John Moore, Senior Research Engineer at CAVS-E, was guest lecturer for Mississippi State University's Manufacturing Processes Lab. The instructor for this Lab is Brian Smith, covering manufacturing processes and materials, interrelationship of product design, material properties, and processing methods, as well as robotics and CAM systems, and economic factors in material, process, and equipment selection. Moore teaches Lean to students, manufacturers, health care personnel, and others.Lean is a process of cost reduction and quality improvements that create more value for customers by minimizing waste. Customer satisfaction is the key to business success and Lean helps create an increased value for customers by reducing, or eliminating, unnecessary or wasteful activities, which frees up resources that can be reallocated for improving quality of speed of service.
To demonstrate the importance of applying Lean practices, students were asked to participate in an activity following a presentation on Lean processes in manufacturing that enabled them to gain hands-on experience in lean principles. The first activity began with students simulating traditional mass manufacturing. They were assigned to positions on a manufacturing floor - from raw material supply as buggy pushers, to assemblers, to forklift operators. The students gave a valiant effort, but failed to produce the required customer order of 18 units in 5 minutes, by producing only 3 chairs.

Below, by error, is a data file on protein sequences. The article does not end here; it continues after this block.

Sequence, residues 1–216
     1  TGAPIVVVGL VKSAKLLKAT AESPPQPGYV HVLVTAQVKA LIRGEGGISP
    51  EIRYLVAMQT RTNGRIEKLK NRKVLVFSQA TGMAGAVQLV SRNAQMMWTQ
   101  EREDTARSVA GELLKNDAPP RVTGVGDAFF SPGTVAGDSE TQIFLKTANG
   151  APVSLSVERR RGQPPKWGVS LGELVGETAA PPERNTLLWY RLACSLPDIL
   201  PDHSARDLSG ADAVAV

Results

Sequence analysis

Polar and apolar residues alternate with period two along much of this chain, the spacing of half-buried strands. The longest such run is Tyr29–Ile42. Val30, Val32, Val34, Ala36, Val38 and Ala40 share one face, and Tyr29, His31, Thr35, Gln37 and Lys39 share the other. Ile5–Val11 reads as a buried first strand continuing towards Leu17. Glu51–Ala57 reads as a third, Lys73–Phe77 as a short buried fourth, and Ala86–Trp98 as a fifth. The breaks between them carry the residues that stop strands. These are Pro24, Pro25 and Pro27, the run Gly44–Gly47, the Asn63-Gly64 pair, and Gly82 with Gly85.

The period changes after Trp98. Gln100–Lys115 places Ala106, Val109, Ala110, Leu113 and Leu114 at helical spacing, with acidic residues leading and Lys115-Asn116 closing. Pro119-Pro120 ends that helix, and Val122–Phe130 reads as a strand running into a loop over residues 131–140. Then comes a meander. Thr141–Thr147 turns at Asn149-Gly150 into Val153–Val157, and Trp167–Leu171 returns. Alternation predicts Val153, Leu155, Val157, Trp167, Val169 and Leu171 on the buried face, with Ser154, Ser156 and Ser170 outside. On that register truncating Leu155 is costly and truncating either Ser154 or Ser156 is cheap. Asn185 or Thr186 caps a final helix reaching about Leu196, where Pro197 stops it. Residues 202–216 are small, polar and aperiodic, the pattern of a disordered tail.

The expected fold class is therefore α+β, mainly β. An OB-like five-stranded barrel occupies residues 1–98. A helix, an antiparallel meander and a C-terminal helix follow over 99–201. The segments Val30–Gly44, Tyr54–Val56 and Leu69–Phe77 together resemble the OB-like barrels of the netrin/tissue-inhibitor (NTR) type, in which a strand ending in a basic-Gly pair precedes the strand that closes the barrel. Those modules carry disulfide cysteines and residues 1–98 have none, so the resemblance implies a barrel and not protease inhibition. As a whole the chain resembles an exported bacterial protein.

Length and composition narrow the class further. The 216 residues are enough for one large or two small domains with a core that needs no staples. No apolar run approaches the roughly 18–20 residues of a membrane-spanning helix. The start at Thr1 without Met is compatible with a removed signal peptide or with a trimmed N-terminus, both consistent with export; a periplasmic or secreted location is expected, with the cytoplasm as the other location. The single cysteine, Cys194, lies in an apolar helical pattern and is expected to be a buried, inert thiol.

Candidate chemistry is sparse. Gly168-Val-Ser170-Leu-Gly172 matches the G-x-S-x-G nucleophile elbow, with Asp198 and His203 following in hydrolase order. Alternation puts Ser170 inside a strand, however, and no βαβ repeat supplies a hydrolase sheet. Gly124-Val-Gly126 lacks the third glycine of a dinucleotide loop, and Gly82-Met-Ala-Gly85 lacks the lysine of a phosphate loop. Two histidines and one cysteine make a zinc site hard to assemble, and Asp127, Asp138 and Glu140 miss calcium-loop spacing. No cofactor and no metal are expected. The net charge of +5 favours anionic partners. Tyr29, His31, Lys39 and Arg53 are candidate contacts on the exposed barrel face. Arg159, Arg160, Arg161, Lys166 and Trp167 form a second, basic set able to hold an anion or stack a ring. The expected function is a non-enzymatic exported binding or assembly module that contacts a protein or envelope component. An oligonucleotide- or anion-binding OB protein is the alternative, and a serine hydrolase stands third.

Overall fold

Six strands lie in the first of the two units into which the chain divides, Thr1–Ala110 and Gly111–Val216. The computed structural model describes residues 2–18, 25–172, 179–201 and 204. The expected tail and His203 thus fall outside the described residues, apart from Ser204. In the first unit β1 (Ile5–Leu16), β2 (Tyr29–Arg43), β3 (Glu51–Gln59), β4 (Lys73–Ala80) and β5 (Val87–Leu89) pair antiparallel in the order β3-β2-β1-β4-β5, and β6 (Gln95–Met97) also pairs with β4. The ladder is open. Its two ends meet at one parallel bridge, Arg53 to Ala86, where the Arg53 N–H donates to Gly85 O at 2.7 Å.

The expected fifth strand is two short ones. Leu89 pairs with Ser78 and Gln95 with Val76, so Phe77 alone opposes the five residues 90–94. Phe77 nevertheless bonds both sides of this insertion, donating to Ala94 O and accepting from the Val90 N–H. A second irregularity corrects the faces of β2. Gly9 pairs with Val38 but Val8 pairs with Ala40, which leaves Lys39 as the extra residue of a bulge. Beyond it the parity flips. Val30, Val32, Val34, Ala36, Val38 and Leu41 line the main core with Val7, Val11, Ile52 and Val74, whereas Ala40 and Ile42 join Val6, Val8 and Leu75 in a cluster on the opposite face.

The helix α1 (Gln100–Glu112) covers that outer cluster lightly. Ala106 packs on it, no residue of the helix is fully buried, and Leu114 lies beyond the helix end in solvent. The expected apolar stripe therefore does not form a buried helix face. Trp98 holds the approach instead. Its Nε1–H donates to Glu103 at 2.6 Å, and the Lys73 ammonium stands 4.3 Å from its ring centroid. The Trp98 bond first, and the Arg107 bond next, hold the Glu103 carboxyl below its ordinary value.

After completing this activity, students were asked to evaluate the problems with the methods used. The students then offered input on wasteful steps that could have been eliminated, and suggestions on how the process could have been improved. This feedback was then incorporated into round two of the activity, in order to better illustrate the importance of continuous improvement and flow. The students created a production line that eliminated wasteful activities, and improved quality, and the speed of service. They were then able to meet the customer's order by producing 18 units in less than 5 minutes.
Finally, in round three the students were challenged to create a production design that could meet highly variable customer orders, without a loss in labor productivity. The students then created a "U-Cell" production system that met the customer's order requirements under multiple demand scenarios. The end result was a production rate of 24 chairs in 4 minutes.